Who knew there even was a Mississippi seaside? Not me. The large river of the same name, and the fact I was holding a map might have spoilt the surprise, but no. Late tonight we got to the end of a long stripmall-flanked, neon-flashing boulevard and could only turn left or right owing to the fact there was a massive black expanse of water straight ahead. This was exciting, exotic and significant. On November 5, I’d emerged from under the Detroit River in a Greyhound bus to find myself in the very north of the US of A, and at this point I could go no further south. It’s not as big as you think, America. Or at least, it takes more out of you travelling from London to Fort Worth. Anyway, I didn’t insist on kicking off my shoes and running across the sand to dip my toes in the water which is a good thing. This is of course the very coast that the BP Gulf of Mexico spillage messed up and it was the very day that BP had fessed up to multiple felony charges including manslaughter and been subjected to the largest corporate financial penalty in all time ($4.5bn), and probably not the time or place to be having the ‘you all from England’ conversation. More pertinently, looking up some stuff on this new discovery, the Mississippi coast, I spotted a Huffington Post story about the tens of thousands of rats that washed up there after Hurricane Isaac back in September. Sure they’ve all been cleaned up too, but still.
This was the end of a big driving day – for Dave, that is. In the new dull but reliable Chevy we’d gone to Montgomery, Alabama. This was where Rosa Parks refused to give up her seat on the bus to a white passenger in 1955, sparking a boycott against the segregated bus system led by a certain young baptist minister, Martin Luther King Jr. all of which sent the American civil rights movement into fast forward and ending up where we are today – with a black president in the White House, disproportionately high African American homelessness, unemployment, crime, illiteracy etc, and everyone able to chose where they sit on the bus. I’m not sure you’d get all the history looking out of the window on a drive through Montgomery; it’s not exactly flagged up. Most of the city is colleges, corporate-sponsored sports grounds, and if not monuments to the rioters, stuff pertaining to law and order – a jail and plenty of bail bonds offices. It’s fairly joyless which I imagine it would have been in 1955, so that at least is an authentic experience. But the Montgomery Curb Market close to the Booker T. Washington school on Madison Avenue (yeah) is a treat.
Just at the point the city seems to have run out of steam with its truck repair units, car lots, pawn shops, flea markets and gun show hoardings, there’s a functional, low brick building surrounded by trucks and cars, with metal doors that are pulled to open and clang shut, a hubbub inside. It’s packed full of ladies selling home-baked cakes made of cream cheese, cream, sugar and crackled cookies, as well as warm from the oven cheese and sausage biscuits, massive apples, pecan brittle, and boiled peanuts which I’m just not sure about. Oh, and fried peach turnovers. Delicious. I will end up massively fat, no doubt about it. The women behind the stalls were small and wiry from all the constant baking, stacking, selling, harvesting, jam, pickle and holiday gift craft making. And flummoxed about why we’d travel from England to Madison Avenue, Montgomery (“you all’ll probably near-vah come back”). Actually, I’d like to. I’m very curious about Alabama – another place that has beaches, as well as a tough past full of dust and sharecropping.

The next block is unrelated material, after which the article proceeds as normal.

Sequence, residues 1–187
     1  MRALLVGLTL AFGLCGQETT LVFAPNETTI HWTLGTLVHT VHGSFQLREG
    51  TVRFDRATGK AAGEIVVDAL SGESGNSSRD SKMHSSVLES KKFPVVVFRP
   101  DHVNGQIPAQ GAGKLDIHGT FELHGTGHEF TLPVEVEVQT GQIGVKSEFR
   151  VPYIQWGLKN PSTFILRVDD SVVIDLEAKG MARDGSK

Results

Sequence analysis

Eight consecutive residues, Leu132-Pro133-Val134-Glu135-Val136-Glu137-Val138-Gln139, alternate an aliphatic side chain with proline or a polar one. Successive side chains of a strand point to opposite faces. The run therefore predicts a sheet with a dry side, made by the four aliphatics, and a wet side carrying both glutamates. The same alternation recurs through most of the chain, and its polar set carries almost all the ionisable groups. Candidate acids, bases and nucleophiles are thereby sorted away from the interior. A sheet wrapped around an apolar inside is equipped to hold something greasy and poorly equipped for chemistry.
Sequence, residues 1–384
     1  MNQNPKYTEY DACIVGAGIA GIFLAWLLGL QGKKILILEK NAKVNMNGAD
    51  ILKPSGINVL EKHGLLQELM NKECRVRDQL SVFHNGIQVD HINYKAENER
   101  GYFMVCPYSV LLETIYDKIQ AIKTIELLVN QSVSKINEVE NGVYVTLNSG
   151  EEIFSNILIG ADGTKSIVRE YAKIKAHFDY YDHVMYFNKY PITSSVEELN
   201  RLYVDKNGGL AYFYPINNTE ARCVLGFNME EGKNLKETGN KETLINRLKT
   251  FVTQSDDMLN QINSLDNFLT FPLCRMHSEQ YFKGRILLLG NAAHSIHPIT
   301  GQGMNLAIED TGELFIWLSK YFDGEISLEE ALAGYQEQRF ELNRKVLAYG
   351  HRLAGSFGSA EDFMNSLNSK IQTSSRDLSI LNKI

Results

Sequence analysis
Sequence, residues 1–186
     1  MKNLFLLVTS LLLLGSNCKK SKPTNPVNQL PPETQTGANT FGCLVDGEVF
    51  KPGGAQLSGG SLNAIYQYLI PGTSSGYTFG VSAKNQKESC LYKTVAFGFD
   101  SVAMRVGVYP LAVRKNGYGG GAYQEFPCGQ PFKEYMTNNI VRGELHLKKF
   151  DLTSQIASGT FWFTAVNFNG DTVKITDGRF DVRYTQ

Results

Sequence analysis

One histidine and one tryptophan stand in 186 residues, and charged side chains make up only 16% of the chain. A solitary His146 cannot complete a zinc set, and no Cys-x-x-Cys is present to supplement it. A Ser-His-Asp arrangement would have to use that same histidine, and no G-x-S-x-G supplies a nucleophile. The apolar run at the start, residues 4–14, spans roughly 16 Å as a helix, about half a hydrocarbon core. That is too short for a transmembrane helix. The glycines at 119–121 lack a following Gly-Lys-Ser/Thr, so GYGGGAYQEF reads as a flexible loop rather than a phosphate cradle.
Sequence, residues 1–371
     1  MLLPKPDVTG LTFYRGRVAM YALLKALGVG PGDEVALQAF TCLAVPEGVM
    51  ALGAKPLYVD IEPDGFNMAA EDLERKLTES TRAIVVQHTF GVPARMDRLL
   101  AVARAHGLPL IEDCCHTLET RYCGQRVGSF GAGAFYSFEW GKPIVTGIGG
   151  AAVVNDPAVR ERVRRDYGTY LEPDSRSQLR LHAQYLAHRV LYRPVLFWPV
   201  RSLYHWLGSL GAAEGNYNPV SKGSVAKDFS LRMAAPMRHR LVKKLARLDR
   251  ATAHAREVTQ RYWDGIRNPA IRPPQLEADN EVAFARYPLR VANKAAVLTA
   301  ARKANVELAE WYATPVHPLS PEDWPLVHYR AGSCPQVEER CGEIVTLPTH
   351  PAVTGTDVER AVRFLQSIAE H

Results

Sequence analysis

People are baffled when they find tourists in their home towns, as if it’s only the scenery or monuments, or wildlife, or the places or events constructed for visitors that are worth slowing the car for. More people are nosy about how people live, how much their house cost and what they do on Saturdays than anyone’s admitting. I like local. When I see foreigners with maps along the disgusting Strand in London, ticking off the sites, I wish I could tell them to go for a curry in Brick Lane, visit the Lido in Brockwell Park, or have Sunday lunch in the garden of the Engineer in Primrose Hill instead, and forget the whole buying a policeman’s helmet thing, without seeing weird
The rest of the day was spent driving with God on the radio, well not directly. Preachers on every radio station:
‘Maybe Jesus has been drawing you in and you want to say yes?’ says Love Worth Finding out of Memphis ‘Write to us for a study aid pack . . ‘
‘You need to actively follow God’s plans for you . . . write to Love God with a donation and we’ll send you the free Making Dreams Come True pamphlet . . ‘
‘The companion of fools shall be destroyed . . .’
‘The Lord told Job “Pull your pants up, Punk”.
A long day – and confusing to see the sea where you don’t expect it, and then to fly over a curving bridge in the dark, and a freeway over a modern sprawling city with hospitals and phone companies which isn’t what you expect New Orleans to be. And then, to come off a ramp, pass a cemetery and a jazz band (and probably a voodoo practitioner) and drive at a crawl through the narrow streets of the French Quarter which precisely as anyone with an imagination imagines them that in all the overload you think you might be dreaming.